Previously only seen as a tool for anonymous transactions and known for its association with criminal transactions, the bitcoin has now progressed to be used for more legitimate purposes. Currently valued at above USD 6,000 per bitcoin, the bitcoin’s utility has brought it places (cf.). For instance, Baroness Michelle Mone made headlines by selling her latest USD 250 million property development in Dubai in bitcoin. One can now buy a studio apartment in her property development for 30 bitcoins (cf.). If you are not too keen on a huge purchase, you can also grab a beer with your mates at Australia’s first bitcoin-friendly bar in Sydney, the Old Fitzroy (cf.), or purchase air tickets with bitcoin from Expedia (cf.).
Despite all the media and investor frenzy over cryptocurrency, the question that remains on everyone’s mind is whether this phenomenon will continue to represent a safe haven for cryptocurrency owners and their transactions, or will there be a bitcoin bubble which will result in overnight paupers?
One observation we can make is by observing the reaction of governments globally. It appears that there are two main camps. The first group imposes regulation and bans while the other group seems to welcome cryptocurrency with open arms. We know that there is no unified approach by governments globally to tackle this new phenomenon. In September 2017, Chinese regulators banned Initial Coin Offerings (ICOs) and other fundraising activities related to the cryptocurrency, leading to a drop of more than 11% in bitcoin value (cf.). On the other hand, Japan’s regulation of bitcoin as a legal method of payment led to a surge in bitcoin value. Australia falls somewhere in the middle with its decision to introduce legislation to bolster investigation in digital currency crime while providing relief through a de-regulation of low-risk industry sectors. This move gives investors more confidence in the “legitimacy” of bitcoin as more businesses jump on the bitcoin bandwagon. In Singapore, there are no plans to regulate cryptocurrency. However, the Monetary Authority of Singapore will continue remaining alert to money laundering activities and risks arising from the use of cryptocurrency (cf.).
While there is no uniform approach taken by governments, one thing remains certain. Bitcoin has no financial institution and is, simply put, based on a cryptographic algorithm. There are no sovereigns backing the legitimacy of bitcoin. Unlike gold and silver, there is no tangible asset backing the viability of bitcoin. For instance, “e-currencies” in Australia’s Anti-Money Laundering and Counter-Terrorism Financing Act are defined as “an internet-based, electronic means of exchange backed by something physical like a precious metal or bullion” (cf.). Bitcoin, therefore, does not fall under this definition. As finely phrased by Forbes’ writer Adam Hartung, Bitcoins “have no inherent value, because they are a currency which represents value rather than having value themselves” (cf.). The value of Bitcoin is now mainly driven by immense speculation and emotional “investing”. Already, there have been victims of variants of such cryptocurrency where investors have not been allowed to sell their remaining holdings.
Ultimately, we need to remember that growing popularity and acceptance does not necessarily equate growing legitimacy. It is always best to take a cautionary approach towards cryptocurrency. Nonetheless, bitcoin bubble or not, the cryptocurrency will always survive in the darknet marketplace, carrying with it a negative association with that of organised crime, drug trafficking and firearms trade.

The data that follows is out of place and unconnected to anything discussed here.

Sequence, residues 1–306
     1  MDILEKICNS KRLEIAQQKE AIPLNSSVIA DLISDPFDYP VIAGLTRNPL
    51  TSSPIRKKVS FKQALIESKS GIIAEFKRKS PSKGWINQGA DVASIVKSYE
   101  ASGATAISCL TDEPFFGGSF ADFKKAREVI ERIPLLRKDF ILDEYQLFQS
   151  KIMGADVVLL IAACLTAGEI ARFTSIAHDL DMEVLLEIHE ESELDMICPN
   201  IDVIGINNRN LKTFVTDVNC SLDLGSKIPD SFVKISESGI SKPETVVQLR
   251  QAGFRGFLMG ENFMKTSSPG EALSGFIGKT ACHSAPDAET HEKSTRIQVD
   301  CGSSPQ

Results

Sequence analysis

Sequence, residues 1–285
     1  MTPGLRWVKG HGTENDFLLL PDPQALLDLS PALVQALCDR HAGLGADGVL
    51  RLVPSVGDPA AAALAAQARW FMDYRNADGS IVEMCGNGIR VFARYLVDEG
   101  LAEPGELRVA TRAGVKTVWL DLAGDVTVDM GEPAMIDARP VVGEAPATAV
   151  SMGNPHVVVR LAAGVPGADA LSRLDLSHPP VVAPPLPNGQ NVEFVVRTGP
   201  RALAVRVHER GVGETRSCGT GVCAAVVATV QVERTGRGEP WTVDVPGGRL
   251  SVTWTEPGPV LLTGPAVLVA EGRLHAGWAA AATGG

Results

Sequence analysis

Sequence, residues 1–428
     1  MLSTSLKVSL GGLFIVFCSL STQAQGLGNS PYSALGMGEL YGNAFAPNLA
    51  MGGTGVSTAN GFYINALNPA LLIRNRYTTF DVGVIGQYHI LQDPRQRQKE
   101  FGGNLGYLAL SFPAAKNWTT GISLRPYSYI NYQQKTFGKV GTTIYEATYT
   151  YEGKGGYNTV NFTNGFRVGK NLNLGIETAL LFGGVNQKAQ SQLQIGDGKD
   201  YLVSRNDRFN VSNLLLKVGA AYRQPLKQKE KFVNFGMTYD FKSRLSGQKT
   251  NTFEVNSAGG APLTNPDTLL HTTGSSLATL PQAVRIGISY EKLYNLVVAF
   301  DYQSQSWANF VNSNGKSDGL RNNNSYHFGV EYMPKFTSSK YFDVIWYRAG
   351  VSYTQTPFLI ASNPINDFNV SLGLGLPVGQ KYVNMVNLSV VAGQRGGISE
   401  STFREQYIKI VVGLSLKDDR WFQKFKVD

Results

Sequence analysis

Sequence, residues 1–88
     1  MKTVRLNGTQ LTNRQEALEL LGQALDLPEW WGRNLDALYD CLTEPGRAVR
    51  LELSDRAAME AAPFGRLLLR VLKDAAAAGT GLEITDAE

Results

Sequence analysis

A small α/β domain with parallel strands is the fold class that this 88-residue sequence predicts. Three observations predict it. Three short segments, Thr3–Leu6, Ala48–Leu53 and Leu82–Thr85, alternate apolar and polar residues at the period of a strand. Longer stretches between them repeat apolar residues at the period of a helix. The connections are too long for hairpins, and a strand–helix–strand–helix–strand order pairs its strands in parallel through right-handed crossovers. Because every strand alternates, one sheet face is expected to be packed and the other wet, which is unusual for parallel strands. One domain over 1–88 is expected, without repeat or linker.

What may, however, revolutionise this cryptocurrency landscape is if governments of the future create the concept of “crypto-dollars”. Writer Simon Black suggests that if the US Government and Federal Reserve realise that cryptocurrency is the future and create “cryto-dollars” such that it would be considered legal tender, casual users of bitcoin will abandon bitcoin in favour of such “crypto-dollars”, resulting in the death of the mysterious and unpredictable bitcoin (cf.).
Finally, the best thing bitcoin has brought to us is the utility of the blockchain technology which has beneficial implications far beyond the use of bitcoin. Blockchain is the basis of popular cryptocurrencies such as bitcoin and ethereum. Blockchain technology is where banks, technology giants such as JP Morgan, Microsoft and Intel are investing due to its utility as “private” blockchains which are used for a variety of purposes such as post-trade settlement, payments between banks and supply chain tracking (cf.). The outlook for this industry is highly optimistic given its versatile nature. Even Jamie Dimon, chairman and CEO of JPMorgan Chase, one of the biggest advocates against bitcoin, is an ardent supporter of the development of blockchain technology (cf.). The Monetary Authority of Singapore has also jumped on the bandwagon in 2016 to develop “Project Ubin”, a project with a consortium of financial institutions to conduct inter-bank payments using blockchain technology with a tokenized form of the Singapore dollar (cf.). With over USD 1 billion invested by venture capitalists in blockchain companies and the blockchain industry expected to be worth USD 20 billion by 2024, this (instead of blindly “investing” in bitcoin) is where we should head instead.
Marek Danyluk is Managing Partner of Space Executive, a multi-awarded company in the international search and selection business that focuses on strategy and corporate development, change and transformation, finance, sales and marketing, consulting and professional services, legal and compliance; covering its core markets in Asia Pacific, the United States, and Europe. He is also CEO of Space Ventures, a venture capital firm investing in early-stage innovative businesses. Space Ventures is the Venture Capital arm of the Space Executive Group.